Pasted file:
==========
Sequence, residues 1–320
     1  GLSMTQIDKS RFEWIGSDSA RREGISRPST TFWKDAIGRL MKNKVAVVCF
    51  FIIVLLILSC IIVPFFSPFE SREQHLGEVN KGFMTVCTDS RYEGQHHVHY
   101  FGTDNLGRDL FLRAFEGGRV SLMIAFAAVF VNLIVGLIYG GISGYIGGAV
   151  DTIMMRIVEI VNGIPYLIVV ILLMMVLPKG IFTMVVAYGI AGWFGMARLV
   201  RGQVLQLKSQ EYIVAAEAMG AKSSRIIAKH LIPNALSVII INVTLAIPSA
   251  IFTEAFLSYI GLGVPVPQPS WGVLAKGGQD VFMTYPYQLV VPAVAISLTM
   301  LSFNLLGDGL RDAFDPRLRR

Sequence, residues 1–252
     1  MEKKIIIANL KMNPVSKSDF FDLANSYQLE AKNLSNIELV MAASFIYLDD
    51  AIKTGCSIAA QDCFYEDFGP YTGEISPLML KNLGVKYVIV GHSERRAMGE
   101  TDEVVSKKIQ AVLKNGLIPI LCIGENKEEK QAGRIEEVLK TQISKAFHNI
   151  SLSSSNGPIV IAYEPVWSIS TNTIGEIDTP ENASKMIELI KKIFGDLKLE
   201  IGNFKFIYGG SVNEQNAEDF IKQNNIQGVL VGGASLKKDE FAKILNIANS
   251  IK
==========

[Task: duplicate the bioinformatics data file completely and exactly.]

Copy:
Sequence, residues 1–320
     1  GLSMTQIDKS RFEWIGSDSA RREGISRPST TFWKDAIGRL MKNKVAVVCF
    51  FIIVLLILSC IIVPFFSPFE SREQHLGEVN KGFMTVCTDS RYEGQHHVHY
   101  FGTDNLGRDL FLRAFEGGRV SLMIAFAAVF VNLIVGLIYG GISGYIGGAV
   151  DTIMMRIVEI VNGIPYLIVV ILLMMVLPKG IFTMVVAYGI AGWFGMARLV
   201  RGQVLQLKSQ EYIVAAEAMG AKSSRIIAKH LIPNALSVII INVTLAIPSA
   251  IFTEAFLSYI GLGVPVPQPS WGVLAKGGQD VFMTYPYQLV VPAVAISLTM
   301  LSFNLLGDGL RDAFDPRLRR

Sequence, residues 1–252
     1  MEKKIIIANL KMNPVSKSDF FDLANSYQLE AKNLSNIELV MAASFIYLDD
    51  AIKTGCSIAA QDCFYEDFGP YTGEISPLML KNLGVKYVIV GHSERRAMGE
   101  TDEVVSKKIQ AVLKNGLIPI LCIGENKEEK QAGRIEEVLK TQISKAFHNI
   151  SLSSSNGPIV IAYEPVWSIS TNTIGEIDTP ENASKMIELI KKIFGDLKLE
   201  IGNFKFIYGG SVNEQNAEDF IKQNNIQGVL VGGASLKKDE FAKILNIANS
   251  IK